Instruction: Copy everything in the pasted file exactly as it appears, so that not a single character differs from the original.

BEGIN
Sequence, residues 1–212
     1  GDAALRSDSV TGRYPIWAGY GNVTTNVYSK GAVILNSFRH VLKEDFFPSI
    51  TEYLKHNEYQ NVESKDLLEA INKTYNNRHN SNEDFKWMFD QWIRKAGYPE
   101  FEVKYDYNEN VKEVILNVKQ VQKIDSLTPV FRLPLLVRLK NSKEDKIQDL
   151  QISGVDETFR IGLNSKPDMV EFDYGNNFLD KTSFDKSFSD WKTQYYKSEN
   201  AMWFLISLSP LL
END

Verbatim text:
Sequence, residues 1–212
     1  GDAALRSDSV TGRYPIWAGY GNVTTNVYSK GAVILNSFRH VLKEDFFPSI
    51  TEYLKHNEYQ NVESKDLLEA INKTYNNRHN SNEDFKWMFD QWIRKAGYPE
   101  FEVKYDYNEN VKEVILNVKQ VQKIDSLTPV FRLPLLVRLK NSKEDKIQDL
   151  QISGVDETFR IGLNSKPDMV EFDYGNNFLD KTSFDKSFSD WKTQYYKSEN
   201  AMWFLISLSP LL